Frontrunner to succeed Bercow said female Jewish MPs ‘face worst of it’ online

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Frontrunner to succeed Bercow said female Jewish MPs ‘face worst of it’ online

Sir Lindsay Hoyle, who may take the reins from John Bercow, called on social media companies to do more in order to stop antisemitic, Islamophobic and misogynistic abuse

Sir Lindsay Hoyle
Sir Lindsay Hoyle

The favourite to succeed John Bercow as Speaker of the House of Commons has led the fight to protect Jewish and Muslim MPs from online abuse, calling on social media companies to do more.

Sir Lindsay Hoyle, the Labour MP for Chorley and currently the Deputy Speaker, told the Home Affairs Select Committee in March 2017 that Jewish female MPs “face the worst of it” and that he had personally met several to discuss their security.

Asked about threats to Muslim women, he said: “We also have female Jewish MPs who are targeted no differently. Hatred is being portrayed in exactly the same way. It is much broader. They really do face the worst of all of it.”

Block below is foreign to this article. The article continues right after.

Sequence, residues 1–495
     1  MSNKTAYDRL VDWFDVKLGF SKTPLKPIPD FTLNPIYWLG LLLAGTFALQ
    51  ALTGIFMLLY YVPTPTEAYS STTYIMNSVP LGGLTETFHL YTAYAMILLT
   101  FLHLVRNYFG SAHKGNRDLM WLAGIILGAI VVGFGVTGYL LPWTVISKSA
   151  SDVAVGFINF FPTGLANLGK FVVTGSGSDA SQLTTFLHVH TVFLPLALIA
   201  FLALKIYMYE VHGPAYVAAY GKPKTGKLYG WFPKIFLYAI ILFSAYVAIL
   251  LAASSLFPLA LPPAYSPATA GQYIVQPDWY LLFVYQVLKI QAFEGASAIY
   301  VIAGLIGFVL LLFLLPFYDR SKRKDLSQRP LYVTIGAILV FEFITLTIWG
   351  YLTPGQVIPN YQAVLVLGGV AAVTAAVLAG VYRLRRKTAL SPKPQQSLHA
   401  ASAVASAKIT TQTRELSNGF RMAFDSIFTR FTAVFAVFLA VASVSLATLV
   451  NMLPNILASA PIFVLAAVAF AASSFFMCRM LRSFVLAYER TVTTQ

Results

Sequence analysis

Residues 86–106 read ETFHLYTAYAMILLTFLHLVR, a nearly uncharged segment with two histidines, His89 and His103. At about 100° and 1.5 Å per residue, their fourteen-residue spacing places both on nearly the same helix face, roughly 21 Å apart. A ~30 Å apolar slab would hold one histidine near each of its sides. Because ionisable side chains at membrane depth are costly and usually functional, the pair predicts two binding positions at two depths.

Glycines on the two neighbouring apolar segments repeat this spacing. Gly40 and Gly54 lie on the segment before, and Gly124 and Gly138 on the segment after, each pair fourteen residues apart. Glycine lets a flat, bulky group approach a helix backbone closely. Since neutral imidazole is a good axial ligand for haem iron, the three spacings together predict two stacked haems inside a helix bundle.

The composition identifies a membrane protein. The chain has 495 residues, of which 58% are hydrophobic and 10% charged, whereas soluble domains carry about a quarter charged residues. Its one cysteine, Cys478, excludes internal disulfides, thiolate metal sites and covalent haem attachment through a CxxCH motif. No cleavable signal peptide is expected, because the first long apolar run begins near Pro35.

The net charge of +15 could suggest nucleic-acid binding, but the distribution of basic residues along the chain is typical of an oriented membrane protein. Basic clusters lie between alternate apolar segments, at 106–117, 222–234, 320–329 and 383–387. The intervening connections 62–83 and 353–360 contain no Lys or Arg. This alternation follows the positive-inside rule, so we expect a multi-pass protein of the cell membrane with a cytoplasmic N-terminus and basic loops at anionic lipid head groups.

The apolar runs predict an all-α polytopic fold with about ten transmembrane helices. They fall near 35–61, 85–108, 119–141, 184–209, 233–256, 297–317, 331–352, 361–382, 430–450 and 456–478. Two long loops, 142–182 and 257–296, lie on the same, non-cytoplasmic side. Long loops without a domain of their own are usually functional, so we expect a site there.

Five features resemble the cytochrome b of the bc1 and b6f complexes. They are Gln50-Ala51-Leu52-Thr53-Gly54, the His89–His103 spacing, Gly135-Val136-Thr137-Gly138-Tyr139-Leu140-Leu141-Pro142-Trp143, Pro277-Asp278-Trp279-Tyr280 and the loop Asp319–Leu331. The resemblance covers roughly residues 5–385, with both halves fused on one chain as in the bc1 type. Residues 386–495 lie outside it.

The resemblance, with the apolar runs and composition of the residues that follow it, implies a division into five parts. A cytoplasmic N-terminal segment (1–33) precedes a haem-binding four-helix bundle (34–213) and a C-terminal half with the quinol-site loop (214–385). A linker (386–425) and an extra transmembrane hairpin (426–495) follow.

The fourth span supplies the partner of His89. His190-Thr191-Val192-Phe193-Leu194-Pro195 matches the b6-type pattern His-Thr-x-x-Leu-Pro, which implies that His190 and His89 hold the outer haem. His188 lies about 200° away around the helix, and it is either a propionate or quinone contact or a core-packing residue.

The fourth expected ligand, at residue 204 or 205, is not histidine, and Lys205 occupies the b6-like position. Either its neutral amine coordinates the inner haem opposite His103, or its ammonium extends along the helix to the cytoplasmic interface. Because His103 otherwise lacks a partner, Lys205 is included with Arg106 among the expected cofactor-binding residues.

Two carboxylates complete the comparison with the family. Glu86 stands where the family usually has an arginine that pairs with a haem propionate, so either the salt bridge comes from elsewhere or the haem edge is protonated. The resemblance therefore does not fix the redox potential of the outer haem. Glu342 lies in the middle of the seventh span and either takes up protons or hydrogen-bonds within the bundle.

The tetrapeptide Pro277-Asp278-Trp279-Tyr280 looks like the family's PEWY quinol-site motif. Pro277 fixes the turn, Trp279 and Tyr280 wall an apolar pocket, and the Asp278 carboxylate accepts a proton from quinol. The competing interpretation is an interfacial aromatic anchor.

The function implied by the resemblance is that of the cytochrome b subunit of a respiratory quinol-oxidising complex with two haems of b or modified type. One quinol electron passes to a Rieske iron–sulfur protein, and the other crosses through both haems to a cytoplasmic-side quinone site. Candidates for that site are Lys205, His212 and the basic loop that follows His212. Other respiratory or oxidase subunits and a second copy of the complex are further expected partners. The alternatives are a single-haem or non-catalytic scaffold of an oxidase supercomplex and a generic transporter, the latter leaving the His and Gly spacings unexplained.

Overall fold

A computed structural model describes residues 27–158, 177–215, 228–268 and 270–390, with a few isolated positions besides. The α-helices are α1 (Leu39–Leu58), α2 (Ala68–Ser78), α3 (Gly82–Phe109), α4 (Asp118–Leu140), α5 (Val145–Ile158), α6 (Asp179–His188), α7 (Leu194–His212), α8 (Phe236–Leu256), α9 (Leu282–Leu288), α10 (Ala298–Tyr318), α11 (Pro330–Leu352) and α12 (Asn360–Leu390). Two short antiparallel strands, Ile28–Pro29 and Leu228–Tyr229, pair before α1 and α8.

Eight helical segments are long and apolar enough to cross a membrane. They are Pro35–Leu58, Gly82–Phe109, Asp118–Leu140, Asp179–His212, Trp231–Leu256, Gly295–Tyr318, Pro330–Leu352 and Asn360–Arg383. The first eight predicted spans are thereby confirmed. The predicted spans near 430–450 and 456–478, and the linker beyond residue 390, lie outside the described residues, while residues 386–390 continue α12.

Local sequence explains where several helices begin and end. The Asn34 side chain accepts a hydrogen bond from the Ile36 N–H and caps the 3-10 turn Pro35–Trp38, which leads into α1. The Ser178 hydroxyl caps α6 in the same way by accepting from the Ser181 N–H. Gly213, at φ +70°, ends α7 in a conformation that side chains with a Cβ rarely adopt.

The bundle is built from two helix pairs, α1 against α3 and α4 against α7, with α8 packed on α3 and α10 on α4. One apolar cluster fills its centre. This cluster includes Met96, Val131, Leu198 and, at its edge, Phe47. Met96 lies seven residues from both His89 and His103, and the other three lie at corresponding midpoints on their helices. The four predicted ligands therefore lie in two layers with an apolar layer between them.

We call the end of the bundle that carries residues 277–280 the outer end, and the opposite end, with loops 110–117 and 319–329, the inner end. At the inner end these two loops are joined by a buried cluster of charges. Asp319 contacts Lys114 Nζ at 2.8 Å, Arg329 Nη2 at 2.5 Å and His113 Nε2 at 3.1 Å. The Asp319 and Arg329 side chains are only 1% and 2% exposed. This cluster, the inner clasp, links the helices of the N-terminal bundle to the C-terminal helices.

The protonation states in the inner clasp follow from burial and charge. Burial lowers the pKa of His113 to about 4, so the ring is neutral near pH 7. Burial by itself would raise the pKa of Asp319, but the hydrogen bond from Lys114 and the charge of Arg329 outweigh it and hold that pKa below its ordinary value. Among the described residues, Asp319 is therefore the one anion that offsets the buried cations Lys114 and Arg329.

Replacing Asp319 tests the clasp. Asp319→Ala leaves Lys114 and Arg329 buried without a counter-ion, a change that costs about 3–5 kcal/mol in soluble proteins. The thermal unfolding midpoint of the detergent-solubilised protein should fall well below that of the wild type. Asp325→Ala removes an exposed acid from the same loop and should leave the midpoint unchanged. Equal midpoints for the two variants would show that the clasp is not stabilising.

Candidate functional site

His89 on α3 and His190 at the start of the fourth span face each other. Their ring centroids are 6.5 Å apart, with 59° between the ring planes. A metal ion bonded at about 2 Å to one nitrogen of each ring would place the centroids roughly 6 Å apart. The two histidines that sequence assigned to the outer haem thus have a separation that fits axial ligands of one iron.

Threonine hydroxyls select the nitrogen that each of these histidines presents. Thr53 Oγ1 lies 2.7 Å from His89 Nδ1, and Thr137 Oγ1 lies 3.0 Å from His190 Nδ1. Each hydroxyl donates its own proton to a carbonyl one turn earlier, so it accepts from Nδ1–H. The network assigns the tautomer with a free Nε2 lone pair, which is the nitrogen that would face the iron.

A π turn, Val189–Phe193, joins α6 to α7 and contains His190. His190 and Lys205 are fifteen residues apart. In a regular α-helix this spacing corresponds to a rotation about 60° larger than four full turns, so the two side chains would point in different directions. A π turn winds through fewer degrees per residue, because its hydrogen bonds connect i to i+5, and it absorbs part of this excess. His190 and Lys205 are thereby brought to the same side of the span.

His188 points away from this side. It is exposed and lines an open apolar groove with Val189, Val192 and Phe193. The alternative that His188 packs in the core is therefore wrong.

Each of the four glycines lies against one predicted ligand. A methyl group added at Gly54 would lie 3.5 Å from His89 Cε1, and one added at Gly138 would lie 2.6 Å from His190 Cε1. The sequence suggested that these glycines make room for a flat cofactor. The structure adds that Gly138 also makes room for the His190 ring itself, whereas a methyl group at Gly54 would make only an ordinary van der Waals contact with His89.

Describing how Parliamentary security prioritises MPs thought to be most at-risk, he added: “We take it on board, and that is the starting point: the one who is most likely to be under attack and vulnerable.”

He was giving evidence in the wake of the murder of Jo Cox MP, and called on social media companies to act faster to get rid of online hate or risk legislation requiring them to do so.

Also in the mix to replace Bercow as Speaker is veteran Labour MP Harriet Harman, a QC and former minister who has chaired the Joint Committee on Human Rights since 2017.

In November 2017, however, she was publicly rebuked by TV politics show host Andrew Neill for re-telling a sick joke about Jews live on TV, saying: “How do you get 100 Jews into a Mini? One in the driving seat and 99 in the ashtray.”

While she said it was “not funny” and that she had protested when she first heard it, Neill stopped her from speaking further and later tweeted that he had been “appalled” that she should say such a thing live on TV.

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